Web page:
Burundi, one of the world’s poorest countries, is ranked 185th out of 189 countries on the Human Development Index. Food insecurity is a major problem due to climate change and the increased pressure on scarce arable lands as Burundi is one of Africa’s most densely populated countries. People practice subsistence agriculture on lands that are not very fertile and prone to erosion.
The degradation of natural resources and the loss of ecosystem support directly contribute to widespread poverty. The political situation improved somewhat in 2021 with the lifting of the European Union sanctions that had been imposed in the wake of the protracted 2015 crisis during which the nation’s borders were closed, foreign correspondents loss journalistic privileges and relations with the United Nations and the international community were ruptures. The country’s new openness is expected to improve its capacity to address the challenges it faces.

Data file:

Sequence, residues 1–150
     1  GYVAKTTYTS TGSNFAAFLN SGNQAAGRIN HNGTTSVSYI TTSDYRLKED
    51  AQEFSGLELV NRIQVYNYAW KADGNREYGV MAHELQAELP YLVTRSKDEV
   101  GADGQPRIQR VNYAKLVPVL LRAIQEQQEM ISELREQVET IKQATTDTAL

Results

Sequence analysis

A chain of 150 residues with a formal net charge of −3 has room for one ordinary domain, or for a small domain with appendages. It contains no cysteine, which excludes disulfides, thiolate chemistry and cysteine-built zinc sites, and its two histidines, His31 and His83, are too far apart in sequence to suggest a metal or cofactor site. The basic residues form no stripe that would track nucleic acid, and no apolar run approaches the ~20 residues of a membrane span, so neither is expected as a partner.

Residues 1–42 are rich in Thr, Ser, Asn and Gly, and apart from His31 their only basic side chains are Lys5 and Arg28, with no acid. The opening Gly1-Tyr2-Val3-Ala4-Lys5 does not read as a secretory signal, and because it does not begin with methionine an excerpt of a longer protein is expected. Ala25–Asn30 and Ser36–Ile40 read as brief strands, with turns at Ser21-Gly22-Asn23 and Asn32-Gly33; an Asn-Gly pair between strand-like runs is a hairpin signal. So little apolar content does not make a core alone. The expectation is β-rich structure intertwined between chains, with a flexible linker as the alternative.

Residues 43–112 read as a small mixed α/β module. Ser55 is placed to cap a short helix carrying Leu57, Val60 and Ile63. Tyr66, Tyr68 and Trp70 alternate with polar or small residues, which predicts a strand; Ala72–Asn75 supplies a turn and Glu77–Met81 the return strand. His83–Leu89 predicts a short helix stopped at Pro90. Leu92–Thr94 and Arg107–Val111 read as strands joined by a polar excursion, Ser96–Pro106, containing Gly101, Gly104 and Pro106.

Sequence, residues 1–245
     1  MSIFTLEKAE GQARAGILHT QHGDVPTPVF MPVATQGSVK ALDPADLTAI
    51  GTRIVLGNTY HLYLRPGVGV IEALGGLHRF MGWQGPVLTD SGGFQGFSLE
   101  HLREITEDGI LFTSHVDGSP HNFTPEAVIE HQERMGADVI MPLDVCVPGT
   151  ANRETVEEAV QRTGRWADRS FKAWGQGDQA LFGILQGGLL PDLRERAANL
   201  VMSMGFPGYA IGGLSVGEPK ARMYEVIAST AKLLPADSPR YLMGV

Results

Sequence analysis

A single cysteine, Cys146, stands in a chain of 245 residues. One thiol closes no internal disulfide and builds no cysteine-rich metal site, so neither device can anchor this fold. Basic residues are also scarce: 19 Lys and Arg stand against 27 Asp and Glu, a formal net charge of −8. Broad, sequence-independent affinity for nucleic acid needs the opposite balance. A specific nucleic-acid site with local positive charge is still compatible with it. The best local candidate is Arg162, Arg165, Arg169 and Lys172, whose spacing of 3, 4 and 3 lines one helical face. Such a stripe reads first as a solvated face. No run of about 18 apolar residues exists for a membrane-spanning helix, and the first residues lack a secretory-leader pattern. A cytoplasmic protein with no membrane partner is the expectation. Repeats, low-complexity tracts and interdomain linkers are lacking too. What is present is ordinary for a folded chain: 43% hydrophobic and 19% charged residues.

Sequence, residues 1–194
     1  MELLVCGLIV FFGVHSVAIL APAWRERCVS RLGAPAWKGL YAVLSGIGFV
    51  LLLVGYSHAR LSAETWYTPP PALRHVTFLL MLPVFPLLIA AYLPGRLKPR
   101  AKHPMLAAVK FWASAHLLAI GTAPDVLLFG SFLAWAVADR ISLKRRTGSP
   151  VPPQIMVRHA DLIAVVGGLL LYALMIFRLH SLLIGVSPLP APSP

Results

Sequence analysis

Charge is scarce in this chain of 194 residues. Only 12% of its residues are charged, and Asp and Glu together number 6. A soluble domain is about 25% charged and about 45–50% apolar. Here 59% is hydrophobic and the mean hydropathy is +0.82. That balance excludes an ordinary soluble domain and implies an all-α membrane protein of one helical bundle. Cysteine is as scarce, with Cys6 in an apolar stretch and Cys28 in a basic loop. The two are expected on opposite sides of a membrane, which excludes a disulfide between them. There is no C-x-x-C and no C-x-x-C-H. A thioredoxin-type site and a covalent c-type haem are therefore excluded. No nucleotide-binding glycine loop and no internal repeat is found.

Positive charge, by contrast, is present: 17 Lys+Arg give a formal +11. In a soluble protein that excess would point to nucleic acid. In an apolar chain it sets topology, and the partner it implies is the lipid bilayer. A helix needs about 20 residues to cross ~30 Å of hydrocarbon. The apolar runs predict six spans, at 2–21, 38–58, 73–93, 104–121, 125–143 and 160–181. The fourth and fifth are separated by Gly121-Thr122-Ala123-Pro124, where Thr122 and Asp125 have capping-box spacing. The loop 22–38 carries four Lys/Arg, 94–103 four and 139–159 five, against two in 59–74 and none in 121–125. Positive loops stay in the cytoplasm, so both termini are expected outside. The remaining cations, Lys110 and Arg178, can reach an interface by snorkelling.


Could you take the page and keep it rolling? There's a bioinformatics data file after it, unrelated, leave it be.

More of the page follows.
Development and Peace ― Caritas Canada works in Burundi is to counter the numerous insecurities that Burundians face and to enhance their ability to meet their basic needs. The country’s situation also makes people, especially young people, vulnerable to exploitation for political violence. We therefore support communities in their struggle to weave dignity into their social fabric.
Development and Peace ― Caritas Canada’s activities in the country include:
In 2012, this woman began saving and received a small loan of $60 from solidarity groups devoted to long-term personal betterment.
Today, she is the president of her local peasant women’s association in the Gasorwe area. “For me, the route to self-reliance is a struggle, and one that requires women to be determined, to link up with others moving forward and to undertake new initiatives without being discouraged by their spouses or those around them.”
A form of training called Gender-Active Learning System (GALS) has helped people mitigate conflicts within families and develop new initiatives.
The new planting methods and improved cutting techniques have allowed households to more than double their cassava yields to 25 kilograms per square foot of plantation.
“Only an integrated approach can break the vicious cycle of poverty”, Déogratias Niyonkuru in For Peasant Dignity – African testimonies, experiences, and reflections on methodological approaches.
While continuing to support the peasant movement and the involvement of women and young people in solidarity and agriculture, we will focus on better coordinating climate change mitigation efforts at all levels.